Flagging hostas and other ubiquitous cultivated plants (in North America)

Hostas are familiar to all of us, ubiquitous in almost every garden in Canada and the US. A quick search on the Explore page reveals 1,500 observations of hostas at ‘Needs ID’ or ‘Research Grade’ in North America. I suspect almost all of these are cultivated plants. I propose that we tackle the task of flagging as many of these as “captive/cultivated” as possible.

While we’re at it, can you think of any other commonly cultivated plants that with a large number of un-flagged observations? Feel free to post them here. Other examples that come to mind are Juniperus horizontalis, Forsythia spp., Cercis canadensis, etc.

P.S. there are rare naturalized populations of hostas in North America. Here’s a great example of a presumably naturalized population: https://www.inaturalist.org/observations/41009023

P.P.S. this topic is North America-centric, as this is where I live and the region I’m familiar with. I believe most hosta observations worldwide are probably cultivated.

The eternal question (sorry), and what slows me down in marking others’ observations … where is the dividing line between cultivated and naturalized? I know it’s a continuum, not a line, but any guidance on making that judgment when flagging others’ observations?

It’s easy when the photo shows a backdrop of weed-free mulch around a peony. Hostas are long-lived plants that don’t usually self-seed in the garden (in my experience,) so they are fairly easy. Ditto forsythia and lilac.

OTOH, Fritillaria meleagris: if they have self-seeded out of the garden into the adjacent lawn, are they naturalized? How about if they have self-seeded into the opposite side of the lawn?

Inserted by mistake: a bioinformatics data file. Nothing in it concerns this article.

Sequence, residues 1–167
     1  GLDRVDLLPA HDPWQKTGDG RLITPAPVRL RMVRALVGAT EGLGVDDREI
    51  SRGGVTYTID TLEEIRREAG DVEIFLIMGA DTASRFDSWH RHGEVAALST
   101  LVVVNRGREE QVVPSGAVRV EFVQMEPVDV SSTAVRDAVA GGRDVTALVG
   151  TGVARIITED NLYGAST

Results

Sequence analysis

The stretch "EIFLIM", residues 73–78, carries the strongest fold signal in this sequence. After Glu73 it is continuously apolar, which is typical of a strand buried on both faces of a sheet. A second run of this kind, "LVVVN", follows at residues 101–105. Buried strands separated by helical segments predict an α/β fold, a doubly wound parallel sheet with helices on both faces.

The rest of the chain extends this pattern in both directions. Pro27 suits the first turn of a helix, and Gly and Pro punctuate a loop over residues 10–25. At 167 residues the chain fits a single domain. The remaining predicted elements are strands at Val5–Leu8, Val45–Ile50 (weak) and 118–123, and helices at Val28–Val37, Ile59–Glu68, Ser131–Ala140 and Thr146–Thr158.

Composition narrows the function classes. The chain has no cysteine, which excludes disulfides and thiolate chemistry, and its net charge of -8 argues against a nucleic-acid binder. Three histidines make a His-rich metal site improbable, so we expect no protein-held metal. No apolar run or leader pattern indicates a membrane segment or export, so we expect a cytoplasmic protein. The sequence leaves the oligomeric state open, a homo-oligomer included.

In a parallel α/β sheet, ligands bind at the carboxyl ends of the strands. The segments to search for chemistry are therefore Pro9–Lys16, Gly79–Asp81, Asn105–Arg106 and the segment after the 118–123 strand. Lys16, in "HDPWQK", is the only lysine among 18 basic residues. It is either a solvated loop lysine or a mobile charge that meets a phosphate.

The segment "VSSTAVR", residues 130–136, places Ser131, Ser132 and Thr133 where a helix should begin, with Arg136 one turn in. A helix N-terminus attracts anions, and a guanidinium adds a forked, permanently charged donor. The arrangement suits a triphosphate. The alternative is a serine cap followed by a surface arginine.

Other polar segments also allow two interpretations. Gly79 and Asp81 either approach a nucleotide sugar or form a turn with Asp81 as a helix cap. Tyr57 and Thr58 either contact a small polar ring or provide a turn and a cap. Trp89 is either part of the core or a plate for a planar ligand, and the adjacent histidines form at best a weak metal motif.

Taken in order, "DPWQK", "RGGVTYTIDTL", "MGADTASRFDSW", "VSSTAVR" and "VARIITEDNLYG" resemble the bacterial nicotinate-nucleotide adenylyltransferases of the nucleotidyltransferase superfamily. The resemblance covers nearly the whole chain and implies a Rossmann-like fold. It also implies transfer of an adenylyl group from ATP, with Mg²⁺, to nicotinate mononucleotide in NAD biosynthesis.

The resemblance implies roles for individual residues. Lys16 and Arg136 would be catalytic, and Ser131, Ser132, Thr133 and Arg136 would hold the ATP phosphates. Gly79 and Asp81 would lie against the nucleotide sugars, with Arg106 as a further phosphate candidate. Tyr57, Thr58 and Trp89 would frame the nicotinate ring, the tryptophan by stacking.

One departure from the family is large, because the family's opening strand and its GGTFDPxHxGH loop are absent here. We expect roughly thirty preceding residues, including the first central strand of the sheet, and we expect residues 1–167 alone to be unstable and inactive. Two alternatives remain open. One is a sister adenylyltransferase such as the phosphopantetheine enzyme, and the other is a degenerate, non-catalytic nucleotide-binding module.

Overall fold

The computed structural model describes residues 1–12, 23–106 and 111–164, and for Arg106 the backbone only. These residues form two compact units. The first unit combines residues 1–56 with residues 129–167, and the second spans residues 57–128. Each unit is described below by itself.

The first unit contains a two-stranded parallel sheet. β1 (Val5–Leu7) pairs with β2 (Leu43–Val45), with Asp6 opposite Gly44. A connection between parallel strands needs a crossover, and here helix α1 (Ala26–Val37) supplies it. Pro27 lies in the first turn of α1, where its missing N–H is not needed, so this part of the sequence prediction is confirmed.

Or do we want to just sidestep this rabbit-hole?? If you want to remove this post (or want me to remove it), feel free.

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I’m chugging through Asian Bleeding-Heart, and using a standard paragraph:
I have marked this observation as cultivated because these plants are almost always intentionally planted as opposed to naturalized, and this particular plant appears to be in a garden setting. Let me know if you think this is not the case.


Geraniums are a totally mess in North America (wild, naturalized and cultivated species mixed) There are many cultivated species that are not marked as cultivated, most of them are even misidentified. For example many cultivated Geraniums are labeled as Geranium pratense, Geranium syvaticum (from Europe), Geranium geranium potentillaefolium and Geranium seemannii (from Mexico, Central America). Recently, I’ve fixed the mexican species, there are no cultivars and they should not be found north of Mexico. However, I have problems with the European species as there are many cultivars and I’m not that skilled in Id-ing cultivated Geraniums.

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Don’t Hostas reproduce from rhizomes? From my interpretation of wild/cultivated(on iNat), if it is reproducing on it’s own it is now wild. The example observation you give, would be my assumption that probably someone tossed out some rhizomes and there they are growing, so did they have human intervention getting there? If they appeared via seed, I would assume it would be a new culitvar. Hence since, you’ll never know - you are guessing.

This is a common conundrum for me as I have a lot of plants that reproduce from rhizomes, tubers, stolons etc. BTW, no Hostas do not grow in Southern Florida.

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It’s not very common, but I do occasionally see hostas naturalize in my area (southeastern Pennsylvania).

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This issue is widespread for the rest of the world concerning other commonly ornamental plant taxa. Many new users think that iNat is like instagram but for plants and pets, completely misunderstanding that it is not a mere collection of photos. Others think that it is an alternative to plantnet and just want their cultivated plant to be identified.
The problem lies upstream: not enough clear information of what iNat really is and which are the ground rules.